Growth, however, is expected to gain pace in 2019 at 5.9 percent rising to 6.1 percent in 2020, said a report issued by the bank on Wednesday.

The bank’s report, measuring economic performance in 13 countries in eastern Africa, shows the real Gross Domestic Product grew by an estimated 5.7 percent in 2018, slightly less than the 5.9 percent in 2017, due to the growing current account deficits caused by low earnings from exports.

The bank projects economic growth to remain strong in 2019 at 5.9 percent, supported mainly by domestic consumption of goods and the growth in the services sector.

According to Marcellin Ndong-Ntah, AfDB Lead Economist at the regional office in East Africa, the region’s fiscal deficit, due to the low earnings from exports caused by the trade imbalance, stood at 30 percent of the national economy, which is considered under control at the moment.

However, the bank expressed concern at the growing level of foreign debt accumulation by countries which previously benefited from international debt relief, saying the effect of foreign debts accumulation by the private sector and the public sector would be felt in the near future.

The report shows Ethiopia with the highest margin of economic growth at 8.2 percent, followed by Rwanda at 7.8 percent and Kenya at 6 percent economic growth rate.

Djibouti is projected to grow at 5.9 percent while economic growth in South Sudan is expected to remain at negative 3.8 percent.

Seychelles, whose economy depends on tourism and fisheries, is also expected to record a decline of 0.3 percentage points.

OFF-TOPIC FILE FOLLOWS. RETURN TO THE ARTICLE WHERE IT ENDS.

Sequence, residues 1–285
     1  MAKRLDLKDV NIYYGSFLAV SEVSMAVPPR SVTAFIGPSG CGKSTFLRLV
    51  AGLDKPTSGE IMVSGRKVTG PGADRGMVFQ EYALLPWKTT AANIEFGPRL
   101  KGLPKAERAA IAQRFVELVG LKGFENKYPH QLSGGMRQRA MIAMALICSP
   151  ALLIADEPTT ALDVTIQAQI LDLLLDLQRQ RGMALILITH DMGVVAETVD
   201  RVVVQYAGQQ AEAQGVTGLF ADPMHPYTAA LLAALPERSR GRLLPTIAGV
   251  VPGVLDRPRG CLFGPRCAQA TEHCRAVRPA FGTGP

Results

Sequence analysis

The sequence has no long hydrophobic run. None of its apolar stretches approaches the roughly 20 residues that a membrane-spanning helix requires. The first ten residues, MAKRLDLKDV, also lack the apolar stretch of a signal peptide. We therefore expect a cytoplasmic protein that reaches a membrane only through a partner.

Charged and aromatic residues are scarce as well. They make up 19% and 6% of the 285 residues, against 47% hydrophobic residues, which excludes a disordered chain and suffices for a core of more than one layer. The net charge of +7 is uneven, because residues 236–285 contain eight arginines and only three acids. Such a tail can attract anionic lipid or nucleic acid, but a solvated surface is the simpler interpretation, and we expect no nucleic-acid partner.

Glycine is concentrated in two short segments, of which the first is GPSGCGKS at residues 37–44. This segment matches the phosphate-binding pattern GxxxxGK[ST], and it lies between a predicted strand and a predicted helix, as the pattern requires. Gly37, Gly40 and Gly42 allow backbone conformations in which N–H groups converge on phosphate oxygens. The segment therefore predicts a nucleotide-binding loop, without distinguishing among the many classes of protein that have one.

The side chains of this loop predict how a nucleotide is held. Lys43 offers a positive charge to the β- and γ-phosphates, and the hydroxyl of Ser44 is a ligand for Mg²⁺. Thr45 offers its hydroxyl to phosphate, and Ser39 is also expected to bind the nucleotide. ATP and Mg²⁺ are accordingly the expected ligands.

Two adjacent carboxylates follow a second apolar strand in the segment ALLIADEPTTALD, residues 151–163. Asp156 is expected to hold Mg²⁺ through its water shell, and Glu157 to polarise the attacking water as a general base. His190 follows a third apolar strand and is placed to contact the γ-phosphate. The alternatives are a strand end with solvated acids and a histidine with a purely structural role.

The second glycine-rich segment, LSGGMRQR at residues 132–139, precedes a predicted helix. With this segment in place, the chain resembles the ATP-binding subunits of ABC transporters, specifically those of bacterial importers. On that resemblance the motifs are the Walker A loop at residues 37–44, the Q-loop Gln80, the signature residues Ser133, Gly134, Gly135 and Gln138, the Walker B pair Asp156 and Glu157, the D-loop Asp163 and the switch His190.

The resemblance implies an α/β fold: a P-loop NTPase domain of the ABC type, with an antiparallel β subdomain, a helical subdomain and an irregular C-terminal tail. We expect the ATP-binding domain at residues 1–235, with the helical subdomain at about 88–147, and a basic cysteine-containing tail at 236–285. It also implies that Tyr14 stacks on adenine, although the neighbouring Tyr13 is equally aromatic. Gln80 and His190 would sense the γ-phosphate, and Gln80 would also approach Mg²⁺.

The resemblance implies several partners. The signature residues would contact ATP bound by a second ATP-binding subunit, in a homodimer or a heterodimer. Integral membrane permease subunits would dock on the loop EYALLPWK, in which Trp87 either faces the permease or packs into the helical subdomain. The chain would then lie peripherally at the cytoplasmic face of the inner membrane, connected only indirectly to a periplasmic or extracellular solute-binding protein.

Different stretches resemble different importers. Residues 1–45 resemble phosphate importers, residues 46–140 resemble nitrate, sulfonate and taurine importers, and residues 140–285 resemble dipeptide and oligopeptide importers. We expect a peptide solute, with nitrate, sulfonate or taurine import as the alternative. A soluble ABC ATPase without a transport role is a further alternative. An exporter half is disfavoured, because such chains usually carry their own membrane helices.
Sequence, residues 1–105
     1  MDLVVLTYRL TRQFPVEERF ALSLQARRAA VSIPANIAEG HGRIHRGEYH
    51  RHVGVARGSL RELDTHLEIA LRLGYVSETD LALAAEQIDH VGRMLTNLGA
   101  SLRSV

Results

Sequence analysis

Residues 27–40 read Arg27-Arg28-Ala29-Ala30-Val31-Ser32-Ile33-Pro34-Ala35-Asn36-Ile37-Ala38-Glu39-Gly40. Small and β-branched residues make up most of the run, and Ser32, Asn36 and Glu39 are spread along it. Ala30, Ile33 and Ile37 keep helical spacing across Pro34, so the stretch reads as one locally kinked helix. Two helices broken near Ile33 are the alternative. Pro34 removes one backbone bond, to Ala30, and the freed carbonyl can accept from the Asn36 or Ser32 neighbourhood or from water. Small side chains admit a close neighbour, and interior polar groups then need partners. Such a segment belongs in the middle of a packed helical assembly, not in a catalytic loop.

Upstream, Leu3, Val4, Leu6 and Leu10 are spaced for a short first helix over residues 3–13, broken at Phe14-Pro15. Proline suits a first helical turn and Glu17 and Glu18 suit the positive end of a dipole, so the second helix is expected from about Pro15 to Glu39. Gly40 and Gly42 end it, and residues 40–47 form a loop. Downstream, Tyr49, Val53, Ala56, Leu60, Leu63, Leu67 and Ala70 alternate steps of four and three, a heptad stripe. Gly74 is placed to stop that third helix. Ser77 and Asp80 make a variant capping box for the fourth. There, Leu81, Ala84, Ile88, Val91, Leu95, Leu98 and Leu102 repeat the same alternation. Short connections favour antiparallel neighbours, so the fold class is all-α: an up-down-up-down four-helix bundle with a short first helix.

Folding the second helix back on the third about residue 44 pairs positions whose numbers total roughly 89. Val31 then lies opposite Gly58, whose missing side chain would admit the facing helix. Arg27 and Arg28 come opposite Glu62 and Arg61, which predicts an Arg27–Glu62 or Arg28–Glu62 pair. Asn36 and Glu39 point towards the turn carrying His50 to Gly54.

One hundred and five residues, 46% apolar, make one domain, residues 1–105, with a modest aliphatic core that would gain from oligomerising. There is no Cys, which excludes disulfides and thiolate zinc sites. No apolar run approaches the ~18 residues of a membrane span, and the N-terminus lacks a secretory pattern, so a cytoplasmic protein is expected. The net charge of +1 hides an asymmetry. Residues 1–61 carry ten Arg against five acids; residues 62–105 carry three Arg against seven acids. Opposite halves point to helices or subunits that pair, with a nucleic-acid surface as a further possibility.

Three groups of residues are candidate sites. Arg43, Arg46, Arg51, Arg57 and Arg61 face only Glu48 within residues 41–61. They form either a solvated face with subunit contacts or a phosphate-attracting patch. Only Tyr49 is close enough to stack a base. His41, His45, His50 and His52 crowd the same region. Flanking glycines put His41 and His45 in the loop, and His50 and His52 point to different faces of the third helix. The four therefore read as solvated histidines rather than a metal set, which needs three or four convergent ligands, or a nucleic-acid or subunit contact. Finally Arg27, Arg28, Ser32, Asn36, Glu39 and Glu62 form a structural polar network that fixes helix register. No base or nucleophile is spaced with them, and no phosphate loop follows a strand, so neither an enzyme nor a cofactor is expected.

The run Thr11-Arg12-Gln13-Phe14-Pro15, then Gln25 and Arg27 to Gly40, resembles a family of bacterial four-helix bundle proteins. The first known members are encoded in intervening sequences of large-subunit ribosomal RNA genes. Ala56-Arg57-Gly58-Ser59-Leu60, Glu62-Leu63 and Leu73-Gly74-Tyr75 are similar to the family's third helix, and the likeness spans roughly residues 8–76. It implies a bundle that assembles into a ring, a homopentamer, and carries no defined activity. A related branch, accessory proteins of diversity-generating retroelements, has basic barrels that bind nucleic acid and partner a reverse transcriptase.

In Eritrea, investment in the mining sector and the government’s agriculture development programs is expected to contribute to economic growth in 2019, according to the report.

Uganda, whose economy has been growing rapidly, is expected to record 5.3 percent growth in 2019.

Sudan is also expected to record a decline in economic growth rates by 0.5 percent.

The growth in Sudan has been driven by the mining sector, whose contribution to the GDP is estimated at 7 percent.

According to the AfDB, real economic growth is supply-side driven by the growth in the services sector, followed by industry and the construction sector, whose contribution to the economy remains huge.

In Ethiopia, the construction industry grew by 18.7 percent while the services sector grew by 10.3 percent, according to the report.

COMESA calls for expediting ratification of tripartite free trade area agreement

LUSAKA Zambia (Xinhua) -- An African trading bloc on Thursday urged member states of three regional economic blocs to sign and ratify the free trade area agreement as the deadline nears.

Three regional blocs namely the Common Market for Eastern and Southern Africa (COMESA), East Africa Community and the Southern African Development Community signed the tripartite agreement in June, 2015 in Egypt, comprising 26 countries.

In a statement released after a meeting of the COMESA Intergovernmental Committee in Lusaka, the Zambian capital, the regional bloc urged member states to sign and ratify the agreement which lapses this month.

The statement said so far only four countries in the three regional blocs ratified the agreement.

The deadline of April 2019 was set in June last year during a ministerial meeting in South Africa, the statement added.

Christopher Yaluma, Zambia’s Minister of Commerce, Trade and Industry said it was time for the remaining countries to sign the tripartite given that it was supposed to be the building block to the Africa Free Trade Area Agreement.

"I can not overemphasize the absolute importance of all of us ratifying the tripartite agreement so that it enters into force immediately. After years of negotiation, the tripartite free trade area is ready for implementation," he said.

The Zambian minister said 93 percent of the work of rules of origin has been completed, providing the basis for trade to begin while legal texts have been concluded and adopted.